Historical note: Between 1985 and 1987, Eon not only made a big change in direction (going to a more serious direction) but cast *two* Bond actors. (Pierce Brosnan initially, then Timothy Dalton when Brosnan couldn’t get out of a television contract.)

Broccoli has said Bond 26 won’t start filming until at least two years from now. The Eon boss has said the production company is grappling with the future direction of the franchise.

We’ll see how it goes. In the “old days,” the Bond franchise could make big changes more quickly.

Regardless, Bond fandom has become more polarized, similar to society in general.

Bond 26 questions: The lot of noise edition

Image that the official James Bond feed on Twitter has used in the past

As far as Bond 26 is concerned, there is more noise than light.

Some websites claim to know what’s going on. But the main tidbit from the powers that be is a Barbara Broccoli comment that filming on Bond 26 won’t occur until at least two years from now.

Still, nature abhors a vacuum. So there are questions out there, even if there aren’t real answers.

Who will be the next Bond actor?

Who knows? Supposedly, Eon wants a tall actor (after 15 years of Daniel Craig, who is shorter than six feet tall). Supposedly, Eon wants a young (say early 30s) actor who can hold the role for a while.

Craig was 38 when he started his tenure. The youngest Bond actor was George Lazenby (29 when On Her Majesty’s Secret Service started filming). Sean Connery was 31 when cameras rolled on Dr. No. Roger Moore, Timothy Dalton and Pierce Brosnan were in their 40s.

Last week, a website called Giant Freakin Robot claimed it had sources that the next film Bond will be a person of color and a search was underway.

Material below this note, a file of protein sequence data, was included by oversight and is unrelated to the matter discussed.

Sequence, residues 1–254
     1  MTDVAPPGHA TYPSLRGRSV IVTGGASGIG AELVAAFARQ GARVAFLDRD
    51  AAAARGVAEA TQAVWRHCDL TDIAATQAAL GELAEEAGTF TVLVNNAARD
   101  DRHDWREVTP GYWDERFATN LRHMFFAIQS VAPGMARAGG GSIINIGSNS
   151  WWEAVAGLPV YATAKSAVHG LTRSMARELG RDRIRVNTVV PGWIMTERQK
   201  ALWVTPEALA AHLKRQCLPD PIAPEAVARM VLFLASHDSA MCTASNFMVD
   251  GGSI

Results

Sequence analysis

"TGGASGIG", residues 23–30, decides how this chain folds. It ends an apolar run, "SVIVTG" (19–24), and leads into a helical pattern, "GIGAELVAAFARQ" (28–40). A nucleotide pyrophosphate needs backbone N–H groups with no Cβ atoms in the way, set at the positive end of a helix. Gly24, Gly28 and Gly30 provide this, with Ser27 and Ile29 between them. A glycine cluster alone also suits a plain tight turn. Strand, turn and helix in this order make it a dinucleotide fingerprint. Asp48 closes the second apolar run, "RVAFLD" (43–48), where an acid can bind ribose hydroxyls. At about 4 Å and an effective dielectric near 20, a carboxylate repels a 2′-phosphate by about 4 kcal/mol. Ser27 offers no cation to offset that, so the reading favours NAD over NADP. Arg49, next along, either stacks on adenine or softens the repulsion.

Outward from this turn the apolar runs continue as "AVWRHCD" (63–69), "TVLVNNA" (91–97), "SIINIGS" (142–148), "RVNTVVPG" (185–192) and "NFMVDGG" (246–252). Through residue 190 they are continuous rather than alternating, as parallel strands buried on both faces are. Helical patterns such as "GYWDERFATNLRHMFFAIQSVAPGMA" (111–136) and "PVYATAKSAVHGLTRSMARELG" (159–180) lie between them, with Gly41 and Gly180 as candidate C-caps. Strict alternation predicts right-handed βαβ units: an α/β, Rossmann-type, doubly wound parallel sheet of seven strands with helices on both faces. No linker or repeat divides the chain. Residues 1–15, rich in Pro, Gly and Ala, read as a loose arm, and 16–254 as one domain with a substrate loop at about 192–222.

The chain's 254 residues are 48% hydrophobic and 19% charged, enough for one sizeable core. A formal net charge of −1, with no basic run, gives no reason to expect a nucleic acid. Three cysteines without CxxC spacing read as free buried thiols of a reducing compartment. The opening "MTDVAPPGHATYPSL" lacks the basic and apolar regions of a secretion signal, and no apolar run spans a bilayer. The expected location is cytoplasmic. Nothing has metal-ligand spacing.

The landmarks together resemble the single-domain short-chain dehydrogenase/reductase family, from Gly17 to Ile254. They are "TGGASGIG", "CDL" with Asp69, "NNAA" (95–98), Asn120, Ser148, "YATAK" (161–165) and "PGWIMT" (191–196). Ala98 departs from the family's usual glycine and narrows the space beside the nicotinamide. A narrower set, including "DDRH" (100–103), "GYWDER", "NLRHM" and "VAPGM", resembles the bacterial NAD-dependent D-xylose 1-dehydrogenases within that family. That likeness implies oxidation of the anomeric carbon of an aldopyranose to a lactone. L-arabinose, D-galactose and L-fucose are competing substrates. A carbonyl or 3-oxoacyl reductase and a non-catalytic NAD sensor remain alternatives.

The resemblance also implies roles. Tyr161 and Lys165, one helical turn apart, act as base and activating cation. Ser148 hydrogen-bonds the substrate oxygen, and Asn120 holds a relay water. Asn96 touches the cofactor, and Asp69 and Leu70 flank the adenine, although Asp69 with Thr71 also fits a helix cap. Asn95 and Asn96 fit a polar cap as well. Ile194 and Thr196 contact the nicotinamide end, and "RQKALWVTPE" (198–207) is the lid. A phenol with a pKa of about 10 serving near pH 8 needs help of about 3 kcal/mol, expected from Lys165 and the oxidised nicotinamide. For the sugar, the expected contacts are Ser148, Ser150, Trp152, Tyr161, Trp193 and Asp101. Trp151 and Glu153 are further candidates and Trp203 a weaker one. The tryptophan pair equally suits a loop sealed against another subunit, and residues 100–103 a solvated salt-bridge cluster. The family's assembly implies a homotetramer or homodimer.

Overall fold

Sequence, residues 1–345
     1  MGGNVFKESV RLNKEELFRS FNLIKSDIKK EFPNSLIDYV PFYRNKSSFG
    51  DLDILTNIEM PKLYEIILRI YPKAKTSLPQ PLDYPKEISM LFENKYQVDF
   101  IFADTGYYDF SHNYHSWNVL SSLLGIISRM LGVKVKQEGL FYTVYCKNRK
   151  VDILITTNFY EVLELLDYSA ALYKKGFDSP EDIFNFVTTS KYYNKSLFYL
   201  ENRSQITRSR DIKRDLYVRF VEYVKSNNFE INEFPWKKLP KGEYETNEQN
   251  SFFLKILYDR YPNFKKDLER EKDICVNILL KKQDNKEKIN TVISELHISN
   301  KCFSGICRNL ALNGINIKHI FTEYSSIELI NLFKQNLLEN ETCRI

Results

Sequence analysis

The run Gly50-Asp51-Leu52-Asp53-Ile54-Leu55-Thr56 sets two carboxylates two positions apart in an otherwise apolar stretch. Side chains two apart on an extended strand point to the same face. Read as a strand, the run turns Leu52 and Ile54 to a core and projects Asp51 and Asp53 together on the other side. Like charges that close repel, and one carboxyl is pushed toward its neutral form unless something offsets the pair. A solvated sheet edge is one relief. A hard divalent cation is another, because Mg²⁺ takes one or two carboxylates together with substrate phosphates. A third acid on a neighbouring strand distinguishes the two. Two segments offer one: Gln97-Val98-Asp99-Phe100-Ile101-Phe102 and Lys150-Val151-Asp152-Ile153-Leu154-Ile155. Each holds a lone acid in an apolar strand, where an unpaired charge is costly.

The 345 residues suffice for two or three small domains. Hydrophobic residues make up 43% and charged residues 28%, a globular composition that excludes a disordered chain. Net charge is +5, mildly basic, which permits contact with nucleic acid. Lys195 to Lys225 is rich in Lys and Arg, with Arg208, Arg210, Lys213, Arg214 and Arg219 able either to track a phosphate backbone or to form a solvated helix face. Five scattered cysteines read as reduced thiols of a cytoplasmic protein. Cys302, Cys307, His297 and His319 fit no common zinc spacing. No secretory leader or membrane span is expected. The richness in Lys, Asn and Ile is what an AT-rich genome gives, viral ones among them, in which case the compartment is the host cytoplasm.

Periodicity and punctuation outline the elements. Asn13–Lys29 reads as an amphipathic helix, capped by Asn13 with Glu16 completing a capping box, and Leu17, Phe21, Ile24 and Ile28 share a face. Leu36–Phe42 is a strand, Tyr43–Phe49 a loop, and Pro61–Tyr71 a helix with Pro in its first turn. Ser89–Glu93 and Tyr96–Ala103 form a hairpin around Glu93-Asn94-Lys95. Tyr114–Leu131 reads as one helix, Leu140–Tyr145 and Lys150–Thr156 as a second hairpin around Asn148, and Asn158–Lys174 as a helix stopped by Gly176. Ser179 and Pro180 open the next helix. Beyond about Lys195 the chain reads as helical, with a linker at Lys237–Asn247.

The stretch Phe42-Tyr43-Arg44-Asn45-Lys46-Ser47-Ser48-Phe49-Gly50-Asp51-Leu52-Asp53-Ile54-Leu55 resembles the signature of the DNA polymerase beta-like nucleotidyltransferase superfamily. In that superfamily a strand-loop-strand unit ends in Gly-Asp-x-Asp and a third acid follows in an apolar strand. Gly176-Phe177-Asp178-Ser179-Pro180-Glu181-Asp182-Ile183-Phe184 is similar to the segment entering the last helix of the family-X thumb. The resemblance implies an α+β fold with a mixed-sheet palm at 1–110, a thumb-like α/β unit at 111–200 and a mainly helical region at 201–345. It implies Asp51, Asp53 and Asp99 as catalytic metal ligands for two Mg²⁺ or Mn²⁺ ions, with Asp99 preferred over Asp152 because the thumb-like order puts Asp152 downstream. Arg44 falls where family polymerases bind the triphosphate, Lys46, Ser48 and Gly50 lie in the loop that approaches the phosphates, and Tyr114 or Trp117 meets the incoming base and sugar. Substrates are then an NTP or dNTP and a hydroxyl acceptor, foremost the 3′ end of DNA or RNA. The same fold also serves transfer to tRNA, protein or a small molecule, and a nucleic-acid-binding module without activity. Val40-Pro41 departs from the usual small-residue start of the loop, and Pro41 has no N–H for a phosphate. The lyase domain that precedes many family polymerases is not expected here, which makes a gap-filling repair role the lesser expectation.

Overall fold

Whatever. As stated before, there’s more noise than light at this point.

Why is it taking so long?

In the “old days,” Eon Productions could recast the role and implement a major change in direction quickly.

Between A View to a Kill (1985) and The Living Daylights (1987), Eon went to a more serious creative direction. Eon also cast not one, but two, actors. Pierce Brosnan was initially cast but NBC renewed the TV series Remington Steele. Timothy Dalton then got the role.

Now, Barbara Broccoli says a serious rethink is taking place and a script can’t even be started. She has said Bond is being “reinvented.”

What should we expect?

In the near term, more noise. Bookies and tabloids in the U.K. have an interesting relationship when it comes to Bond.

The bookies change odds to generate more bets. That churn provides the tabloids the opportunity to publish clickbait articles.

And it’s not just the tabloids in the mix. Remember back in January when a reporter for Deadline: Hollywood tweeted that he had talked to someone that, “I think we here (sic) who it is after the Oscars.”

The Oscars have come and gone with no word.

To be fair, the Deadline writer then published a follow-up tweet: “Obviously taking this with a grain a salt as putting an ETA on these types of decisions never works out but interesting that some believe this won’t be an all year wait.”

From the standpoint of Bond fans, it will be a long, hard slog.

Skyfall’s 10th anniversary: Brief return to Bondmania

Skyfall’s poster image

Adapted from a 2017 post